Artwork by Grant Dolge Copyright 2010
You died two months ago, a coastal-town
recluse. This bloody rain’s now making sense.
For you were married to the present tense
and what it brought. In daily life you’d frown
on wilful arrogance. You put it down
to carelessness – a cardinal offence,
you thought – and so you started to dispense
poetic justice. Margaret, here’s your crown.
You celebrated life, ignored taboo,
implored the world at large to do so too,
adored wild animals, abhorred the zoo,
championed natural habitats for all,
and didn’t give a toss the cuckoo’s call
contained no message.
Let the rain fall.
By Duncan Gillies MacLaurin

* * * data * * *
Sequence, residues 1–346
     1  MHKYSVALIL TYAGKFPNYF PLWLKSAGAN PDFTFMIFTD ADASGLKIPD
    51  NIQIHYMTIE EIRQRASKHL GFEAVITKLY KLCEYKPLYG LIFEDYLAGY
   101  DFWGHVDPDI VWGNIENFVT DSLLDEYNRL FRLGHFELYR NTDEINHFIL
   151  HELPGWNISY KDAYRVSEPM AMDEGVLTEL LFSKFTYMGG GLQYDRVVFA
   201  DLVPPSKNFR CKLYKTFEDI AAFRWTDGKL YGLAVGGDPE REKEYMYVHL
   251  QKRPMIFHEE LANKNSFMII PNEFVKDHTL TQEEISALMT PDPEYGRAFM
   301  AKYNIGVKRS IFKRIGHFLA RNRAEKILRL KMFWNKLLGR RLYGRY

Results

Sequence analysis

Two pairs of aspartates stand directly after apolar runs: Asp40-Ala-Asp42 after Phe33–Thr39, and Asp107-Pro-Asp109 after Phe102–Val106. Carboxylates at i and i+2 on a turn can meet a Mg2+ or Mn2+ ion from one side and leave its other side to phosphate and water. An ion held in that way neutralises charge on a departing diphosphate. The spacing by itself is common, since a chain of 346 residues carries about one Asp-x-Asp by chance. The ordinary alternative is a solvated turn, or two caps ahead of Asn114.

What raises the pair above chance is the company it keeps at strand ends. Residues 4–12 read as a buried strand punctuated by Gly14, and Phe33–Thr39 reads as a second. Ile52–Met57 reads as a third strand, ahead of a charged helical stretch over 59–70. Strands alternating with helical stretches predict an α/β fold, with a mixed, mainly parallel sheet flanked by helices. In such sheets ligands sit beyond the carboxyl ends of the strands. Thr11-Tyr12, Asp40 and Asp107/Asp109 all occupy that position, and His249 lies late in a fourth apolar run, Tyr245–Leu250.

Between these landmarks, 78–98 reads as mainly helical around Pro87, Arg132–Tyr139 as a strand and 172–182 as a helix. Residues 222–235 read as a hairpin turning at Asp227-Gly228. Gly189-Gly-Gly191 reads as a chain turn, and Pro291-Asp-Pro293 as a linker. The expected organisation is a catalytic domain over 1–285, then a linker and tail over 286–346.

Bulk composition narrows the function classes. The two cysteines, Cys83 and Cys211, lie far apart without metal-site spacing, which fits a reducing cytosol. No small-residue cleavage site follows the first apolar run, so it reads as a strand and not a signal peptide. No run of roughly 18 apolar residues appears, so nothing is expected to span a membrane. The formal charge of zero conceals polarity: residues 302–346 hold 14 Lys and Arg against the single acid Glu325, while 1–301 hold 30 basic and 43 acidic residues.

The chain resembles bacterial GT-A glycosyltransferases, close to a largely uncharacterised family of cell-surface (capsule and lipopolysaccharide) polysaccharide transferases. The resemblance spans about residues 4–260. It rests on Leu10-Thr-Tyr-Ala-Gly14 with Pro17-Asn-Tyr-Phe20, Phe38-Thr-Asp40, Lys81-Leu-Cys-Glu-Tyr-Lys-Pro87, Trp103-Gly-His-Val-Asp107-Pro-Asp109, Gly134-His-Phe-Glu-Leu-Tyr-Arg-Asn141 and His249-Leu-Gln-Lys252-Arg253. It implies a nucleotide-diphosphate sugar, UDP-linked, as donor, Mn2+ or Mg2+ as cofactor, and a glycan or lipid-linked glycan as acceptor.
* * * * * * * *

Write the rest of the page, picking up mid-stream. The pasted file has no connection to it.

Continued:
On the beach of a Greek island one night in 1981 Duncan Gillies MacLaurin was enchanted by a version of “Suzanne” on guitar. He started reading Classics at Oxford later that year, but Classical Philosophy’s dictum, “Poetry does not exist,” disagreed with him, and he took to playing trombone on the streets of Europe. In May 1986, on his last day in Assisi before heading off to Rome, he met a Danish writer on her way to Greece. They went to Yugoslavia together, where he purchased a guitar. It joined them the following year when they went to Greece for a two-month honeymoon. He has since lived in Denmark, is still married, still plays guitar, and still hasn’t been to Rome.